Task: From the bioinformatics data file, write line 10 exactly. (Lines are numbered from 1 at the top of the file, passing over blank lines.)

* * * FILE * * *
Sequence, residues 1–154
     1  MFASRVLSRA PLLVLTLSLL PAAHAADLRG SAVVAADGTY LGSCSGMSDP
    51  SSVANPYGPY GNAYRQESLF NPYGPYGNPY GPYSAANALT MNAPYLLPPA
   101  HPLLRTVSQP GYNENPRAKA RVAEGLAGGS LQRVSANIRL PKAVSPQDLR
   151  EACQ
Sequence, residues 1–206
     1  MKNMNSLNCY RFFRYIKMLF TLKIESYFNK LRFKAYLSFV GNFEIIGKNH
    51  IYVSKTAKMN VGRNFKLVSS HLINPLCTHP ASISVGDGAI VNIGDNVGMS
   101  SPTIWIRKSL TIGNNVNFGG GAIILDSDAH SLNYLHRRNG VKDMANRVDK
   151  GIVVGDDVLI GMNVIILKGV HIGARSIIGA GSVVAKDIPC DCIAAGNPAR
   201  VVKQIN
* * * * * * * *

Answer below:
   151  GIVVGDDVLI GMNVIILKGV HIGARSIIGA GSVVAKDIPC DCIAAGNPAR